Unlike the chaotic exchange of tweets and press releases that leaves everyone feeling angry about public misdeeds, a restorative justice approach—whether formal or informal—provides a calmer, more thoughtful environment.
Elections foster more conflict than conversation. However, under the right conditions, people with different political views can have a good conversation and even get to like one another.
How I long for the days of the good old NRA, when it was dedicated to making us safer, rather than endangering us.
I feel that my journey so far has been one long proof of the concept proposed by Ted Wachtel in his blog post, Revolution By Conversation: that We, The People can take back our peaceful, convivial way of life, but only if we are willing to do the difficult work of taking back our democracy through working toward True Representation. And that begins with having civil, respectful dialogue with each other.
“It started as a way of surviving, but then it became the most precious, human thing you can do at such moments,” she said. “We sat down…in a circle just to come back to ourselves, to try to find the words for what we were feeling and try to make sense of it.”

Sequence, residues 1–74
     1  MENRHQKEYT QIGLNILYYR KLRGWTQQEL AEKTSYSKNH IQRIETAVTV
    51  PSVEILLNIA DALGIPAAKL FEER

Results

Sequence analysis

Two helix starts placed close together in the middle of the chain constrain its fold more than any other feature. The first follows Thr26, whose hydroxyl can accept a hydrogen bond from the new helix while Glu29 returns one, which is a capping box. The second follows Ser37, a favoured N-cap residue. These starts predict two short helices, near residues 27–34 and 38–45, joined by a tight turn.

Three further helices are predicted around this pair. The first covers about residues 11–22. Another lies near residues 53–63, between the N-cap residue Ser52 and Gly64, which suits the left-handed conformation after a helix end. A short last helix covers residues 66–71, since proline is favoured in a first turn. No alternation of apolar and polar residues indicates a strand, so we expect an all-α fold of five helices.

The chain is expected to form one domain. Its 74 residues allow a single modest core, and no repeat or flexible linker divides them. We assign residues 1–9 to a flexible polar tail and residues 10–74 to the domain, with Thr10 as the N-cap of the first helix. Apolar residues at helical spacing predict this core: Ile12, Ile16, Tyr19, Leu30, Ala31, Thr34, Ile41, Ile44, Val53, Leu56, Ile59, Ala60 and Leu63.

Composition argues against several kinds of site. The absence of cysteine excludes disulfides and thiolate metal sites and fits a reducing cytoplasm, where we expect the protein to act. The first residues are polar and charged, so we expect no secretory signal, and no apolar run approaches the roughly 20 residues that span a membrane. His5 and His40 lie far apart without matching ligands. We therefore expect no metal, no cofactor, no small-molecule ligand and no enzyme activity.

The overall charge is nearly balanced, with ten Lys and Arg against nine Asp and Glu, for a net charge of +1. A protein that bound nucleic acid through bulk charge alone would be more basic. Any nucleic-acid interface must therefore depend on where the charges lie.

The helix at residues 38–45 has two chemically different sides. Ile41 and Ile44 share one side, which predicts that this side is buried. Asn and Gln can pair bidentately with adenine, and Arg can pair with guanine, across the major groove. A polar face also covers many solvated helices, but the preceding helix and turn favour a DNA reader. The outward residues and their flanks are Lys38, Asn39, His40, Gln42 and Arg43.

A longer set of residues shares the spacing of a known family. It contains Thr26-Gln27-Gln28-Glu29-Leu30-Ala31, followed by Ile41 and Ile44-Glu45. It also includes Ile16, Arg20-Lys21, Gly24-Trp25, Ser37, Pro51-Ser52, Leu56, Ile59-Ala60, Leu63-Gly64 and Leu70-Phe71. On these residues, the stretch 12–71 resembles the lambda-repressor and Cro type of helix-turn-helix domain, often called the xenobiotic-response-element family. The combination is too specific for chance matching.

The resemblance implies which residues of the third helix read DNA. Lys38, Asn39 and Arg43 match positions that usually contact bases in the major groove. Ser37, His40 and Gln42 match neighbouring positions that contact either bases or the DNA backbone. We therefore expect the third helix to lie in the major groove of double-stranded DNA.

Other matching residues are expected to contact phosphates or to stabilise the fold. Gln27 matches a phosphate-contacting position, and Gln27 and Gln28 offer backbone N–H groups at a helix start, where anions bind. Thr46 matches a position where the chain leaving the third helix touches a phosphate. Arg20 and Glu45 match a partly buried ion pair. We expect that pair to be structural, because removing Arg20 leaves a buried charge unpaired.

What if your workplace sparked, instead of stunted, creativity? What if you worked at an organization that intentionally developed leaders who structure collaboration, conversations, and connections to nurture creative solutions?
Restorative practices provide a simple framework to give people a voice in a noisy world, and agency at a time when global events happen faster and with more frequency than we have the time to keep up with. Restorative practices are indeed a social science that allow us to fully express and experience our humanity with dignity.